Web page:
ESPE Abstracts (2016) 86 P-P1-620

Efficacy of Growth Hormone Treatment in Patients with Type 1 Diabetes Mellitus and Growth Hormone Deficiency

Walter Bonfiga,b, Anders Lindbergc, Wayne Cutfieldd, David Dungere, Cecilia Camacho-Hübnerf & Reinhard W Hollg


aDepartment of Pediatrics, Klinikum Wels-Grieskirchen, Wels, Austria; bDepartment of Pediatrics, Technical University München, Munich, Germany; cPfizer Health AB, Sollentuna, Sweden; dLiggins Institute, University of Auckland, Auckland, New Zealand; eDepartment of Paediatrics, University of Cambridge, Cambridge, UK; fPfizer. Inc., Endocrine Care, New York, USA; gInstitute of Epidemiology and Medical Biometry, University of Ulm, Ulm, Germany


Background: The combination of type 1 diabetes mellitus (T1DM) and GH deficiency is uncommon. In a previous study (1) we found that in children with T1DM and GHD with adequate adaptation of insulin dosage, the metabolic control of T1DM did not worsen during GH treatment. However, decreased catch-up growth was observed and no data on GH dose was available.

Objective: To analyse first year treatment growth response and GH dosage in prepubertal patients with T1DM and GHD.

Patients and method: A total of 69 patients with T1DM and GHD treated with GH have been documented in KIGS (Pfizer International Growth Database). Of these, 24 patients were prepubertal and were included in this analysis. Of 30 570 GHD patients without T1DM, 15 024 were prepubertal and served as controls.

Results: Patients with combined T1DM and GHD were older at start of GH treatment (median age at start of therapy 10.2 years (S.D. 3.13) compared to 8.42 years (S.D. 3.46) in controls, although statistically not significant, P=0.14). Height SDS corrected for mid-parental height SDS at start of treatment was not different between the two groups (−1.62 vs −1.61, P=0.80). There was also no significant difference in mean GH dosage (0.24 mg/kg per week vs 0.20 mg/kg per week, P=0.09). First year catch-up growth in prepubertal children was comparable within the two patient groups, median first treatment year height velocity 7.54 cm/year (S.D. 3.11) in children with T1DM and GHD compared to 8.35 cm/year (S.D. 2.54) in controls, P=0.38. Median height SDS of children with T1DM and GH deficiency improved from −2.62 (mean −2.58, S.D. 1.04) to −1.88 (mean −1.90, S.D. 1.11).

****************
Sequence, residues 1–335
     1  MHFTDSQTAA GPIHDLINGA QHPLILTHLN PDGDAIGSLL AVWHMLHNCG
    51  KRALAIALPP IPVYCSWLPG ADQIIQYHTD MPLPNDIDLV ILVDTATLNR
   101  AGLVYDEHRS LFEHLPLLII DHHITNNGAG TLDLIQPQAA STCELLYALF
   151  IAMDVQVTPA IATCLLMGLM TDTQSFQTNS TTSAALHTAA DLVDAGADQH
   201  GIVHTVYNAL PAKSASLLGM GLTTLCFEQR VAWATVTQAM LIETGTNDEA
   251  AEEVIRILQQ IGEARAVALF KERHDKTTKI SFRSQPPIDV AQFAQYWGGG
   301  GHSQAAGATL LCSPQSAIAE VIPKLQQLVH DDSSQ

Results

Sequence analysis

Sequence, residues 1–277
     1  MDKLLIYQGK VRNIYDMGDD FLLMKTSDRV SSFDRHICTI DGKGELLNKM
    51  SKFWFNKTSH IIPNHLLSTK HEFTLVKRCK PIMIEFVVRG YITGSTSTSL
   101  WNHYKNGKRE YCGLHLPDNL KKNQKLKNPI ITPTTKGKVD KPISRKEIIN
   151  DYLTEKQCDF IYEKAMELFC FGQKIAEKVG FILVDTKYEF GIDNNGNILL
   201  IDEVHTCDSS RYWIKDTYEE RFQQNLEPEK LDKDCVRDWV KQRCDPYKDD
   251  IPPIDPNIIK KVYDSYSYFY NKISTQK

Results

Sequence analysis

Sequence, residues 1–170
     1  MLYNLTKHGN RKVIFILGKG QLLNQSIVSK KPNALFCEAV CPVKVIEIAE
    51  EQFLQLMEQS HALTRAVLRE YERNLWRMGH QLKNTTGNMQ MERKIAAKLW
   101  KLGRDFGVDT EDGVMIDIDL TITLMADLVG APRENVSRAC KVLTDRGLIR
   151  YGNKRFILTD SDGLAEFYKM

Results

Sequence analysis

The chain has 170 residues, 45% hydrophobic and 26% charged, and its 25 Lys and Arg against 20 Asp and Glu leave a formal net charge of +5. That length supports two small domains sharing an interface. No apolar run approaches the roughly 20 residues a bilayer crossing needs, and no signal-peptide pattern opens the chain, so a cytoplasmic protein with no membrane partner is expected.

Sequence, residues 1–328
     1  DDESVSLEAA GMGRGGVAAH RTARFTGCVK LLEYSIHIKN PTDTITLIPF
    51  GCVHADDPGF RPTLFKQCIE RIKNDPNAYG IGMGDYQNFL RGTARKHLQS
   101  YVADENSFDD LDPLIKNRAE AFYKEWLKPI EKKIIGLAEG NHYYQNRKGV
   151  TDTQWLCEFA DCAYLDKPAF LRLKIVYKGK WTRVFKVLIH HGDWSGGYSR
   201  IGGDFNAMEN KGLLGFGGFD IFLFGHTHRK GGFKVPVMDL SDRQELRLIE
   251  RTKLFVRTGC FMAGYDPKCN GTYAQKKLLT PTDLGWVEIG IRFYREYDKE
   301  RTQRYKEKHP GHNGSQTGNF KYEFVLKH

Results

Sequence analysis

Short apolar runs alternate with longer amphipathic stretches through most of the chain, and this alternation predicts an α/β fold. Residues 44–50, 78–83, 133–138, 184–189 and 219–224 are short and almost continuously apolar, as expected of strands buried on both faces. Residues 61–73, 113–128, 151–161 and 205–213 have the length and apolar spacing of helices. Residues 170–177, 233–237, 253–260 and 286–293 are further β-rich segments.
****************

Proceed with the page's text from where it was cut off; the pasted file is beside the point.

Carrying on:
Conclusion: In KIGS database prepubertal children with T1DM and GH deficiency were treated with adequate GH dosage and demonstrated regular catch-up growth. Therefore taken together with previous data, GH treatment is safe and effective.

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